A Georgia man who spent more than two decades behind bars for a murder he didn't commit walked out of prison a free man Monday.

Devonia Inman, 43, was convicted in 2001 for armed robbery and murder of a Taco Bell manager in Adel back in 1998, according to the Georgia Innocence Project. His release comes one month after a superior court judge granted Inman’s petition for habeas corpus relief.

Devonia Inman w/legal team from Troutman Pepper

Devonia Inman w/legal team from Troutman Pepper (Georgia Innocence Project)

"Inman immediately embraced his mother and stepfather, Dinah and David Ray, after emerging from Augusta State Medical Prison. A few minutes later, surrounded by relatives, friends and members of his legal team, Inman was almost at a loss for words," The Atlanta Journal-Constitution reported


"I spent 23 years behind bars for something I didn’t do," Inman said in a press release. "It took a really long time to fix, even though it was so clear I wasn’t guilty. I’m glad I get to finally go home, and I’m grateful to everyone who helped make that possible."

On Sept. 19, 1998, Donna Brown, a Taco Bell night manager in Adel, was killed in the restaurant’s parking lot. She was robbed of about $1,700 of the day’s receipts, and her car was stolen. Police later found the car abandoned nearby with a distinctive homemade ski mask inside. 

Devonia Inman and his mother (Credit: Georgia Innocence Project)

Devonia Inman and his mother (Credit: Georgia Innocence Project) (Georgia Innocence Project)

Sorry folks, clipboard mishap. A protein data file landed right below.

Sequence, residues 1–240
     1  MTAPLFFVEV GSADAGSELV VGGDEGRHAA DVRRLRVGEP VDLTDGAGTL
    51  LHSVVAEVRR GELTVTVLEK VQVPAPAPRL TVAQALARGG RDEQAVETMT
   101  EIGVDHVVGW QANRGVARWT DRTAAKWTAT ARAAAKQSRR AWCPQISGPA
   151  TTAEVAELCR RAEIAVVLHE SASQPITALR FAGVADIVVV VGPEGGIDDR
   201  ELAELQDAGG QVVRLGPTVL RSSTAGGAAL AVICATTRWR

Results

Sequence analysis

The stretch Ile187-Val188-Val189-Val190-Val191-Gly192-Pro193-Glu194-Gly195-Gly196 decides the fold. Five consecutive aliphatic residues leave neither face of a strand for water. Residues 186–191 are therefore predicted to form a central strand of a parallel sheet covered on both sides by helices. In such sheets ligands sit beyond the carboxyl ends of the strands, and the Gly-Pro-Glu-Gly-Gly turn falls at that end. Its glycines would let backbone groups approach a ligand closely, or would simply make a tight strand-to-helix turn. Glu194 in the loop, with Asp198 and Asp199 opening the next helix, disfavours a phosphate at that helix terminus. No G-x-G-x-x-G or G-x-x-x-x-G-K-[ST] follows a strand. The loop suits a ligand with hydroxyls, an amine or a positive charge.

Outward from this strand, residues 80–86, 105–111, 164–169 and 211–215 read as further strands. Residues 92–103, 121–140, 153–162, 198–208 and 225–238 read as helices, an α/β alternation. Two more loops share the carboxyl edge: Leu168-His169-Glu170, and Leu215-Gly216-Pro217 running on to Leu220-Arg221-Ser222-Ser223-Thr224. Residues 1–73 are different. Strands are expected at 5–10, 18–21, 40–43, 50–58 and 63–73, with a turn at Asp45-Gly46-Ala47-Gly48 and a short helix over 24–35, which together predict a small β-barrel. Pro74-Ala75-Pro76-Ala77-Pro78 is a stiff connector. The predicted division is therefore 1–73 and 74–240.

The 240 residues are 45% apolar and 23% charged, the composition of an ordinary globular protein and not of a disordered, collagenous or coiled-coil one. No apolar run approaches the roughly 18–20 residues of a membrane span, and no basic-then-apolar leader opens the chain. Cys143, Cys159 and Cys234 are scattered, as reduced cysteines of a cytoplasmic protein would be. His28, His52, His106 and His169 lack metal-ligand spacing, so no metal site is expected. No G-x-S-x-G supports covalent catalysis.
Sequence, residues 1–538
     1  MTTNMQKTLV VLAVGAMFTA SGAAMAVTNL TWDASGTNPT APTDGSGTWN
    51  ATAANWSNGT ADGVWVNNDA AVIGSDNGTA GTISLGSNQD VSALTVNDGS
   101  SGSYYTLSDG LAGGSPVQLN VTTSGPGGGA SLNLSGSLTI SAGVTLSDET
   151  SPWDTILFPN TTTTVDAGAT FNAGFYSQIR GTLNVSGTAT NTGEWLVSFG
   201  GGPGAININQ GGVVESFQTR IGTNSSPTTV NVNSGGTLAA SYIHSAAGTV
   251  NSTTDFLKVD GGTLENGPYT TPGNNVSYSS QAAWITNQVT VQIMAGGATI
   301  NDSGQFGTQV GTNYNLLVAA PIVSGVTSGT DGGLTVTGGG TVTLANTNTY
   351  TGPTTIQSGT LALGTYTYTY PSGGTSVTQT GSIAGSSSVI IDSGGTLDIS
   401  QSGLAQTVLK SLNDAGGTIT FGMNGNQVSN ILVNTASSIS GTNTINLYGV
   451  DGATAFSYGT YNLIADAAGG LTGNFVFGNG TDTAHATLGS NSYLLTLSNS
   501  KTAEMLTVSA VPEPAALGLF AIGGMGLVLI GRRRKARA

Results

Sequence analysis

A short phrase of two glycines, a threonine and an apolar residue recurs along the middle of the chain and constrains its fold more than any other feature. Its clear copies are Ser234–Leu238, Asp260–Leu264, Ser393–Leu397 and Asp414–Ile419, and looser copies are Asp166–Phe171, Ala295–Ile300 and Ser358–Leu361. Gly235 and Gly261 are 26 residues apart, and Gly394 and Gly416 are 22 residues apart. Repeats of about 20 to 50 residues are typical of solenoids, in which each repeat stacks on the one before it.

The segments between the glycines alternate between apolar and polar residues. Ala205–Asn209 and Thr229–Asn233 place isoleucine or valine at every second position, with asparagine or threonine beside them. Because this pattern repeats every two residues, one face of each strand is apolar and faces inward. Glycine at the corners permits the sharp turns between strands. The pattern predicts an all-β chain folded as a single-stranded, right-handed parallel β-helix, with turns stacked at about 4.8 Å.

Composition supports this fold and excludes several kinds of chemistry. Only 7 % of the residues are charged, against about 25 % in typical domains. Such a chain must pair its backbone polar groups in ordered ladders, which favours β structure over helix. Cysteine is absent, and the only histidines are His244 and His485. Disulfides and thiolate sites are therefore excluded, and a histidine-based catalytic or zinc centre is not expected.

In 2001 during Inman’s trial, the state suggested that he wore the ski mask as he shot and killed the victim. Inman’s attorneys tried to call witnesses to present evidence that another man, Hercules Brown, had actually committed – and admitted to – the murder. But the judge at Inman’s trial refused to allow the jury to hear the testimony about Brown, and the prosecutor asserted there was not "one scintilla of evidence" linking Brown to the Taco Bell Murder. Inman was convicted of armed robbery and malice murder. He was sentenced to life without parole, meaning he would die in prison.

(Georgia Innocence Project)

In January 2014, the Georgia innocence project secured the mask from the Taco Bell murder and revealed that Hercules Brown’s DNA was found on the mask. A new trial was then sought for Inman. 

Judge Buster McConnell – the same judge that presided over Inman’s original death penalty trial – heard the new trial motion that included the new DNA evidence implicating Brown, as well as testimony from another trial witness who said police coerced him into testifying falsely against Inman. However, Judge McConnell denied the motion, ruling that the new evidence was insufficient to justify a new trial.

(Georgia Innocence Project)

Last month, a North Georgia judge heard Inman’s appeal, threw out his conviction and ordered a new trial. The judge found that evidence withheld by prosecutors strongly supported Inman’s claims of innocence.

Devonia Inman (Credit: Georgia Innocence Project)

Devonia Inman (Credit: Georgia Innocence Project) (Georgia Innocence Project)


Hours after Cook County prosecutors dismissed murder charges against Inman, he walked out of Augusta State Medical Prison a free man.

Inman plans to rejoin his family in California and begin the journey of readjusting and healing now that he is exonerated, the Georgia Innocence Project says.